A potential bias in safety evaluation during open-label extensions of randomized clinical trials
Purpose To describe a bias that can occur in the analysis of data from certain randomized trials. Methods and Results Although randomized trials are effective at preventing confounding, a potentially strong confounding can arise in certain therapeutic drug trials in which follow-up is extended in an open-label phase that allows switching treatments. Many trials implement eligibility screening that excludes those at high risk of morbidity and mortality. In these trials, disease rates and death rates for the stud population can rise rapidly during follow-up as the effect of screening wanes. During the open-label follow-up, a preponderance of patients may switch to the new therapy. If so, then any evaluation of the new therapy that includes follow-up from the open-label phase, as is often the case for safety evaluations, will be confounded. The confounding arises because the person-time experience of those on the new treatment will be more heavily weighted with the open-label phase experience, during which morbidity and mortality rates may be much greater than in the initial phase of follow-up. This confounding may be strong and will be in the direction of making the new treatment look worse, provided that the net switching is toward the new treatment during the open-label phase. Conclusions The confounding described here is not prevented by randomization because it develops in a non-randomized add-on analysis to the trial. The bias can be removed, however, by controlling for time since randomization in the analysis of the data. Copyright (C) 2004 John Wiley Sons, Ltd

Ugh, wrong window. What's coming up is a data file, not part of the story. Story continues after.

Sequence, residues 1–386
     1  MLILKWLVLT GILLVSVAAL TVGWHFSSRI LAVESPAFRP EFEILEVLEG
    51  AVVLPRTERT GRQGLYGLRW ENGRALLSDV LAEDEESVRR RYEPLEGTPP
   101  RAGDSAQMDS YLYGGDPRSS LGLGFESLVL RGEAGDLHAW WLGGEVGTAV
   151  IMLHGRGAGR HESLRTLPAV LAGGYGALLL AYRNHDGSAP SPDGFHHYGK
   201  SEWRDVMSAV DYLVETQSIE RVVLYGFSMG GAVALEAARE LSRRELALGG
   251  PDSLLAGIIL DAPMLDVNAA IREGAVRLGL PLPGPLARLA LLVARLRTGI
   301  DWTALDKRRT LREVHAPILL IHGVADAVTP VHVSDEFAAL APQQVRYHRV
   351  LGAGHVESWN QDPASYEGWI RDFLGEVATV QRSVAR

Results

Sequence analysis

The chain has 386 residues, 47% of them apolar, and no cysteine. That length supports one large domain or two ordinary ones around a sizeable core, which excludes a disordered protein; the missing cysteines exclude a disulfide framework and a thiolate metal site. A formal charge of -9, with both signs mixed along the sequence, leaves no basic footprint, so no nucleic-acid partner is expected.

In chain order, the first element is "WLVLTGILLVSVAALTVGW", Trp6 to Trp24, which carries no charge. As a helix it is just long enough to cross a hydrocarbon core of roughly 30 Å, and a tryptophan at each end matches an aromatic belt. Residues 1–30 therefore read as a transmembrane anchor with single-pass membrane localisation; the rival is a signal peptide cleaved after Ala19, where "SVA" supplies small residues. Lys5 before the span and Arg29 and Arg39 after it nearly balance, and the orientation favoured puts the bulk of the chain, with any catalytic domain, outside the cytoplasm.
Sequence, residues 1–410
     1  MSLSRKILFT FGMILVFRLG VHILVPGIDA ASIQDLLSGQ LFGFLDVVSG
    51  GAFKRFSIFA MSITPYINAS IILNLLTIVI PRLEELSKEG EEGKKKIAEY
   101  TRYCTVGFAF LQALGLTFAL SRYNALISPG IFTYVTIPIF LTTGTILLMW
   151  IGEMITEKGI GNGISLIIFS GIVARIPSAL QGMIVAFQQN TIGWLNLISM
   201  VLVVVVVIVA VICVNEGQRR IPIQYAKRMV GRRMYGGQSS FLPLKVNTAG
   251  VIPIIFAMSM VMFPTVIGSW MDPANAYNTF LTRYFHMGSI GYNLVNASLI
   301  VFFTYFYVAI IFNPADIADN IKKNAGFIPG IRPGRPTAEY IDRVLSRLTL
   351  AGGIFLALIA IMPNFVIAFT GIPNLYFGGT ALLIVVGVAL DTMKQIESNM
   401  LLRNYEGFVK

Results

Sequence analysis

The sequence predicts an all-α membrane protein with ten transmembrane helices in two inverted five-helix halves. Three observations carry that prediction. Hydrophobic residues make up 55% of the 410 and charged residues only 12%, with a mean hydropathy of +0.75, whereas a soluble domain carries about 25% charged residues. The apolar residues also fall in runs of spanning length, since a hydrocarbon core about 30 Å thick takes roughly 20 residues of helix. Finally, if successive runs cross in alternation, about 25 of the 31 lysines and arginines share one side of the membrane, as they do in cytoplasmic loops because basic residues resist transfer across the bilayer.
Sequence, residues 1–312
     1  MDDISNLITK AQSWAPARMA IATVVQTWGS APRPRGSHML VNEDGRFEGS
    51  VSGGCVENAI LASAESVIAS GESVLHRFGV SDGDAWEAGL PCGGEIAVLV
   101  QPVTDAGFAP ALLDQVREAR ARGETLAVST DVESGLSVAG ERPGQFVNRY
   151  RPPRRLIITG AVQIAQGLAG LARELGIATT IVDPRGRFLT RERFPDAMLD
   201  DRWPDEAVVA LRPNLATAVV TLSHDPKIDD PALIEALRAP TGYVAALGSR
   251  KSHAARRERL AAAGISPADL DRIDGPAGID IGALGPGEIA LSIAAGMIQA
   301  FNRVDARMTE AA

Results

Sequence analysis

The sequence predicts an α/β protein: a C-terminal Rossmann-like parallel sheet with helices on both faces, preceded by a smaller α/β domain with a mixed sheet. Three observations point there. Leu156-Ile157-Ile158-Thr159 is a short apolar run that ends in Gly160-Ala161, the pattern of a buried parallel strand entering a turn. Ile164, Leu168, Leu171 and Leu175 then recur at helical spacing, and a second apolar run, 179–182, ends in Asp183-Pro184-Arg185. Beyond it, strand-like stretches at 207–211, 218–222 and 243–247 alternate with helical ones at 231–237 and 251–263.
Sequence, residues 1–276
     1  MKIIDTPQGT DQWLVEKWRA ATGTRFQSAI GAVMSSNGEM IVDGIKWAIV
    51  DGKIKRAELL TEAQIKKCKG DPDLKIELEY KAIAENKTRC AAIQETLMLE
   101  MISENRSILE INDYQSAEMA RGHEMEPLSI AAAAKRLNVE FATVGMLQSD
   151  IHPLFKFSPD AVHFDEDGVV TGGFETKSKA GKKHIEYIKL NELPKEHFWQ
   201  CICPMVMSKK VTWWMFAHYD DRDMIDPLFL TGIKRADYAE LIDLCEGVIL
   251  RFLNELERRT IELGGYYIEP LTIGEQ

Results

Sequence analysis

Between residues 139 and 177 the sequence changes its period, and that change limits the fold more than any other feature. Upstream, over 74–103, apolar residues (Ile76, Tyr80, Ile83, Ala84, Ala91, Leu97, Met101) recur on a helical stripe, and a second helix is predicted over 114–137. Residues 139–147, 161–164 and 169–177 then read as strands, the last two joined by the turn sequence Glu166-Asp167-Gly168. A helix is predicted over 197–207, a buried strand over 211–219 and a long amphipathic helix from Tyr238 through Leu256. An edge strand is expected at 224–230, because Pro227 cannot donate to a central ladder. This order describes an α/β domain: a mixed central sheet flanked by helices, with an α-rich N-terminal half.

Rothman, K. (2004). A potential bias in safety evaluation during open-label extensions of randomized clinical trials. Pharmacoepidemiology and Drug Safety, 13(5), 295-298.